EXCERPT: And maybe this is where the story begins. If the younger sister was the terrible middle, and the old poet, seen at long last through the eyes of love, was the end, then this, the poets began to believe – and it frightened them in its starkness – might be the start.
Who picked her stepmother up at the train station? They all did.
A huddle of poets, braced against the whipping wind off the icy river, sheltered only by each other’s warmth. The train crept in to a stop. They already felt the escaped curl on the collar. The sexy wisp. As if the old poet had bequeathed them something delicious. Alive. Breathing.
ABOUT ‘THE OCEAN HOUSE: STORIES’: Faith, a mother of two young children, Cece and Connor, is in need of summer childcare. As a member of a staid old beach club in her town and a self-made business consultant, she is appalled when her brother-in-law sends her an unruly, ill-mannered teenager named Lee-Ann who appears more like a wayward child than competent help. What begins as a promising start to a redemptive relationship between the two ends in a tragedy that lands Faith in a treatment facility, leveled by trauma.
Years later, Faith and her mother, Irene, visit Cece in college. A fresh-faced student with a shaved head and new boyfriend, Cece has become a force of her own. Meanwhile, her grandmother, Irene, is in the early stages of dementia. She slips in and out of clarity, telling lucid tales of her own troubled youth. Faith dismisses her mother’s stories as bids for attention. The three generations of women hover between wishful innocence and a more knowing resilience against the cruelty that hidden secrets of the past propel into the present.
MY THOUGHTS: I don’t know quite what I was expecting, but I didn’t get it. And when I say ‘I didn’t get it,’ I really didn’t get it.
I love interconnecting stories. I adore Elizabeth Strout’s work. But The Ocean House didn’t work for me. The publicity blurb says ‘The Ocean House weaves an exquisite world of complicated family tales on the Jersey Shore.’ Complicated is right. I found the writing restless and fidgety. I felt confused. If ever a book needed a family tree, this is it. I couldn’t get a handle on the characters at all, let alone figure out how they were connected.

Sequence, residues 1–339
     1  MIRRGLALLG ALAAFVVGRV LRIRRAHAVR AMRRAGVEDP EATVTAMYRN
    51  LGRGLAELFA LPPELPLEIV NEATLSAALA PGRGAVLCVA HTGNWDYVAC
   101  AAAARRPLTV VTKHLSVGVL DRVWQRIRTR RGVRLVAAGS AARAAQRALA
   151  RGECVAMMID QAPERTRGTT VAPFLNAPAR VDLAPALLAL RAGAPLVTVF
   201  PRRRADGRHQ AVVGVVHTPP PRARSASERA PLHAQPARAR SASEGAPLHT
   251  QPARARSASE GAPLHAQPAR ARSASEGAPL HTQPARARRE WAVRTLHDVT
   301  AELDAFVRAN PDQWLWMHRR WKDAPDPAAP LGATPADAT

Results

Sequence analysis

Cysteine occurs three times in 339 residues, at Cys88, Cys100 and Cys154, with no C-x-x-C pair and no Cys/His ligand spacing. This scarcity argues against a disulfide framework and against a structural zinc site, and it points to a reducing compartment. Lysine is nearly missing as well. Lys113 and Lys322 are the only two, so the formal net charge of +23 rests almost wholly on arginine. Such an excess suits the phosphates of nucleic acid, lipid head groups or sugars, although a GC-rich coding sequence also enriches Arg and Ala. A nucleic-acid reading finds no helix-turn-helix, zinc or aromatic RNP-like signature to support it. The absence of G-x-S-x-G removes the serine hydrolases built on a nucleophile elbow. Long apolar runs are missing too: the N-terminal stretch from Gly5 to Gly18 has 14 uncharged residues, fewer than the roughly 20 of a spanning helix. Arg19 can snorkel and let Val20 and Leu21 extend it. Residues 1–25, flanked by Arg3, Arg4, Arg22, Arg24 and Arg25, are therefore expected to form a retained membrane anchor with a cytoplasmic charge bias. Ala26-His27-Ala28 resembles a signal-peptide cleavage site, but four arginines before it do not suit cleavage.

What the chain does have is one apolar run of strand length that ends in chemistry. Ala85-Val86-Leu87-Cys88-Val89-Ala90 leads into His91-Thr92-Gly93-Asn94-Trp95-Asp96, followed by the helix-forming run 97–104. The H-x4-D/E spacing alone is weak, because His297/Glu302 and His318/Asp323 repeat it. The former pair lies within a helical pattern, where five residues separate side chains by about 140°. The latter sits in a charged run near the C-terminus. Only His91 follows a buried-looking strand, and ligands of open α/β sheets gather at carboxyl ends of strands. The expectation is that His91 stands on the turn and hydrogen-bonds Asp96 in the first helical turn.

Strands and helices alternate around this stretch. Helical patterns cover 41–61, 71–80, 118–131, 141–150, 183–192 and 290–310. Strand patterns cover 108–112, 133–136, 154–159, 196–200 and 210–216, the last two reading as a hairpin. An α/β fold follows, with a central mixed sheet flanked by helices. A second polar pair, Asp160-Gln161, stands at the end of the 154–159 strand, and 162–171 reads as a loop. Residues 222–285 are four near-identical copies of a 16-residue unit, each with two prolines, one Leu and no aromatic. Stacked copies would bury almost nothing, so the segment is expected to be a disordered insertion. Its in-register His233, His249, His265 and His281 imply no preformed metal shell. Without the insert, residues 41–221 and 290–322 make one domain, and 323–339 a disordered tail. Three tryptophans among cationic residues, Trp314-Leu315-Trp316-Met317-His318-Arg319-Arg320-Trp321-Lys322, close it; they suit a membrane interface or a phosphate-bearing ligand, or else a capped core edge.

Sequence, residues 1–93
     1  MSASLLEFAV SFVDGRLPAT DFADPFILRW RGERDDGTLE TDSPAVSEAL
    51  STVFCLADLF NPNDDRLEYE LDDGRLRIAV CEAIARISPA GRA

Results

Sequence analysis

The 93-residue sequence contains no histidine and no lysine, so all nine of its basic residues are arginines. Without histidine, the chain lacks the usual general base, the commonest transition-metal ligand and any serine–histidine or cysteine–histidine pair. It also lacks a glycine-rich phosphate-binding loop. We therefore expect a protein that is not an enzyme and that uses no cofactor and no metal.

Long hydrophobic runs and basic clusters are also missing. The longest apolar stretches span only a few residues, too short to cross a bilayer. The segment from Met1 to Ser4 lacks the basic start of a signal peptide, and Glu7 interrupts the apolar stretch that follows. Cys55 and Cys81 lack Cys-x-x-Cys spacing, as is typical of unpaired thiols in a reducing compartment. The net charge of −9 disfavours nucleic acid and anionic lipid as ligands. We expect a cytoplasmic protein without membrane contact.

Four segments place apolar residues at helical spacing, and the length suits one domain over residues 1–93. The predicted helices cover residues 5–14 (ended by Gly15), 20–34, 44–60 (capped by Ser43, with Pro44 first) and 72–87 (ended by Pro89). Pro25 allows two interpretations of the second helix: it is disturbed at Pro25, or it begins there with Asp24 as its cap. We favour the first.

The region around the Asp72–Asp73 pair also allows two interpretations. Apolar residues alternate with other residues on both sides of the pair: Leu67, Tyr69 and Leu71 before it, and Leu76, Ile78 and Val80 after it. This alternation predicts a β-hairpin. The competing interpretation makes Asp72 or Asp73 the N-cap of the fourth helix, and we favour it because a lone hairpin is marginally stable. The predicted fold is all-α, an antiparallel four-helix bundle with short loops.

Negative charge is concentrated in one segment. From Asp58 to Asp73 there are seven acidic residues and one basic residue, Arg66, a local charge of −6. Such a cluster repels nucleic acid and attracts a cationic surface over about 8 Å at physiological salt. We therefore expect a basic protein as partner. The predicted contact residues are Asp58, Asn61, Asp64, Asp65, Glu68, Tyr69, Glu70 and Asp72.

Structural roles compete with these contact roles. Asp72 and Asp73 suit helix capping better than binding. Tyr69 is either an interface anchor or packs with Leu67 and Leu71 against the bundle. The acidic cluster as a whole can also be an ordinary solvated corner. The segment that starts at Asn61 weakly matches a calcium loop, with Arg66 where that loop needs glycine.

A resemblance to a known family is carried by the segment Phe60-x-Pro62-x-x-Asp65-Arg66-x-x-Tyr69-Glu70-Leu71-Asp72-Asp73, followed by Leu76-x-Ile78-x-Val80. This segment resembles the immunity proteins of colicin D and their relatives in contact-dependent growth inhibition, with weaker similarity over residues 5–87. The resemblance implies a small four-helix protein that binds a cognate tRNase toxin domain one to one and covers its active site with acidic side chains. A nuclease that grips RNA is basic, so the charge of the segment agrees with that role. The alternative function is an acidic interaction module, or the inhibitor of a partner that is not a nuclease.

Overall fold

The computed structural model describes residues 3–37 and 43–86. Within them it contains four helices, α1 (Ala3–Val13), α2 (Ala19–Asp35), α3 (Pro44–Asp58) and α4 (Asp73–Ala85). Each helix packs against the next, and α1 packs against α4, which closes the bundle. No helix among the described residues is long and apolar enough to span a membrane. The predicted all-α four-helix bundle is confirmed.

I abandoned this read at 33%. I really wanted to like The Ocean House of which, btw, the only mention made of it by the time I abandoned the read was that it was let out for the summer and Cece was expected to clean it when the tenants moved out in return for subsidized rent on her apartment.
I think the cover is exquisite. I would have liked the contents to be equally so.
Reading is a personal and subjective experience, and what appeals to one may not please another. So if you enjoyed the excerpt from The Ocean House, and the plot outline appeals, please do go ahead and read it. Just because it wasn’t for me, doesn’t mean that you won’t enjoy this.
THE AUTHOR: Mary-Beth Hughes is the author of the bestselling novel Wavemaker II, a New York Times Notable Book, and the acclaimed collection Double Happiness, which earned a Pushcart Prize. Her latest book, The Loved Ones, was a New York Times Editors’ Choice. Her stories have been published in The Paris Review, Ploughshares, Georgia Review, and A Public Space. She lives in Brooklyn and Rhinebeck, New York. (Amazon)
DISCLOSURE: Thank you to Grove Atlantic via Netgalley for providing a digital ARC of The Ocean House: Stories by Mary-Beth Hughes for review. All opinions expressed in this review are entirely my own personal opinions.
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